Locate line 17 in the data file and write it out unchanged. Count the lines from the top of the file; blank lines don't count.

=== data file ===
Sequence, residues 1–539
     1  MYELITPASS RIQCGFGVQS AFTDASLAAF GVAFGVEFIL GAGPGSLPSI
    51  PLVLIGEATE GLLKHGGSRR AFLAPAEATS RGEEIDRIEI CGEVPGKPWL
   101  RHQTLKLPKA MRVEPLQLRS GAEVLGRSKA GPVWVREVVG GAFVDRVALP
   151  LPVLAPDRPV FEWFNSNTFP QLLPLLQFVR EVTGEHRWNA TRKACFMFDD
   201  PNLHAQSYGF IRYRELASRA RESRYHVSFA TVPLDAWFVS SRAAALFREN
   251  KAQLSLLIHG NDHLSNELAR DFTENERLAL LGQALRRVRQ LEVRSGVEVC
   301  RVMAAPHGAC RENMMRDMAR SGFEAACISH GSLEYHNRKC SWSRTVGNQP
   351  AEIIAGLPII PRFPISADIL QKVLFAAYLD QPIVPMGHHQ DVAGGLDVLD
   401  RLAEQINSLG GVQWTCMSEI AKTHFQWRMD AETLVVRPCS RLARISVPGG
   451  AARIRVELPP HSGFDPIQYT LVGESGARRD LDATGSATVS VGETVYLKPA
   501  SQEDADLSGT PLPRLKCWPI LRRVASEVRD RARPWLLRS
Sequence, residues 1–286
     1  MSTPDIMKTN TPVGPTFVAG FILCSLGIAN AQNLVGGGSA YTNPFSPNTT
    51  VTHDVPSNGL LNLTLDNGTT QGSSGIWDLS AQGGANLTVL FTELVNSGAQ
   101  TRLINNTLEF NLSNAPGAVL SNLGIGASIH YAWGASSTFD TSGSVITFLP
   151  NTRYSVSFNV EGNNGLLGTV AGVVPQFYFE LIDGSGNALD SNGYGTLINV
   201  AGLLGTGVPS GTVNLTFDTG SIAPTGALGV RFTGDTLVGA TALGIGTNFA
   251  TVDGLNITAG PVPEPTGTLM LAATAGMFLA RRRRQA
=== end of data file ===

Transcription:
   151  NTRYSVSFNV EGNNGLLGTV AGVVPQFYFE LIDGSGNALD SNGYGTLINV